Yoko Ogawa’s 1994 dystopic The Memory Police: A Novel was originally published under the title Hisoyaka na kesshō. The 2019 translation is by Stephen Snyder.
Life on the island is a process of slow erosion, as memory after memory is stripped from the inhabitants. Escape is impossible; among the memories lost is any recollection of seafaring.
A minority are seemingly immune to this process. No worries! Where there is some natural immunity, the Memory Police intervene without fail or mercy.
Memory may be the wrong word. Better to say entire concepts are lost, as well as any ability to experience the phenomena associated with the concept. Even if the island’s inhabitants were not in habit of discarding or destroying objects whose memories are erased, they can no longer perceive perfume’s smell, the aroma of roses, or the sound of bird song. This permits the islanders to focus on the memories they do have left, for as long as they have them.
Those unhappy few who resist the effect may expect summons, or in extreme cases, midnight detainment. Nonconformists vanish, removed to secret facilities whose nature is the subject of worried rumour. The narrator’s own mother was disappeared by the Memory Police. Soon afterward there’s an unverifiable news item, claiming that the mother died of natural causes. Perhaps …
The unnamed narrator is a curiosity, a novelist on an island where most people have little interest in literature. Nevertheless, she does well enough to keep herself fed and housed. While it is true that literacy goes against the spirit of the slow erosion of memory, she is as vulnerable to the effect as any other islander. Thus far she has escaped the close scrutiny of the Memory Police.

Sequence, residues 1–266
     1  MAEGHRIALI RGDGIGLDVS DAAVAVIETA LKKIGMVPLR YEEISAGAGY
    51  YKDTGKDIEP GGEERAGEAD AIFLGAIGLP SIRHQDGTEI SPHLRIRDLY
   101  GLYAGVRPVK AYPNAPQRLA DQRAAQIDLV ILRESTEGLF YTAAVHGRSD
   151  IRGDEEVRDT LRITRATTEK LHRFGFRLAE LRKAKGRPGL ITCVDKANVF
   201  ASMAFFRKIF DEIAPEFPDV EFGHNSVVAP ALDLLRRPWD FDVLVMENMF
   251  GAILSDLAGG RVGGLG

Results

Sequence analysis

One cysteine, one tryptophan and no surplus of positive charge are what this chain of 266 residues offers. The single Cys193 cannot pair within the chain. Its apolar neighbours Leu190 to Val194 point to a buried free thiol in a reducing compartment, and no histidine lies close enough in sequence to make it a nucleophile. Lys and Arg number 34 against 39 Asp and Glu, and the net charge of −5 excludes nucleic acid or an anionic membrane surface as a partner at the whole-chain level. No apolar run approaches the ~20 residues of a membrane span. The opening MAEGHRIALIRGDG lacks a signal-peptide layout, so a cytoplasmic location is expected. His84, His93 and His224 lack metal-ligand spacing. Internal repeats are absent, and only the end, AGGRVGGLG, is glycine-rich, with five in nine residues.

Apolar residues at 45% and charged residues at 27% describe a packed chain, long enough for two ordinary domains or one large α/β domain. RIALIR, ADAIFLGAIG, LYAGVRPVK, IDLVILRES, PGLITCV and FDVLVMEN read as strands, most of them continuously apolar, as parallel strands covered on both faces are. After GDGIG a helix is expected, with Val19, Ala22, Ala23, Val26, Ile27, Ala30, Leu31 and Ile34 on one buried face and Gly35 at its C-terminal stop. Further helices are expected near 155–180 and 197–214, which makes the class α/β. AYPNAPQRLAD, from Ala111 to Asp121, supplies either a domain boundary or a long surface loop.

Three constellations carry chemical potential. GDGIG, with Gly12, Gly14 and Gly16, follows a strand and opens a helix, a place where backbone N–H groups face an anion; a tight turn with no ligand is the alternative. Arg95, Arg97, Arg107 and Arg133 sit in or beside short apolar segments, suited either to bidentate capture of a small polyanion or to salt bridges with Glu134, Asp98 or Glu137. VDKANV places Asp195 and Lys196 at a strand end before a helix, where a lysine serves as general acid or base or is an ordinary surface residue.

Her editor, R, is not so lucky. He has retained concepts lost to others, which has attracted the attention of the Memory Police. When R receives a summons demanding he turn himself in, the narrator acts. A hidden crawl space in her home is transformed into a priest’s hole. R has his refuge, for however long it takes the Memory Police to track him down.
Or for as long as it takes the effect to erase the island inhabitants in toto.
Readers may wonder exactly what process could remove concepts before progressing to erasing entire body parts, and how it manages the latter without killing people. They may also wonder why the Memory Police are so set on enforcing collective amnesia. Let me assure you that none of these questions are ever directly answered. As the effect itself? Why and how are mysteries. Even indirect hints are withheld. If you need an explanation, you will need to provide it yourself.
There are many entirely plausible reasons why the Memory Police act as they do, not least of which is that ruthlessly re-enforcing a pointless and destructive process provides them with considerable power. They can requisition and domineer right up until the moment that everyone becomes disembodied voices.
It’s also best to put aside any expectation that resistance will be successful, save on a very personal level. The writer may shield R, at least for a while, but the writer’s not going to overthrow the Memory Police. The writer will not even try.
The effect is a detached, dreamlike exploration of loss and state oppression. Although the characters themselves are rather thin, Ogawa evocatively paints this claustrophobic island. The result is a brief glimpse of a nightmarish world.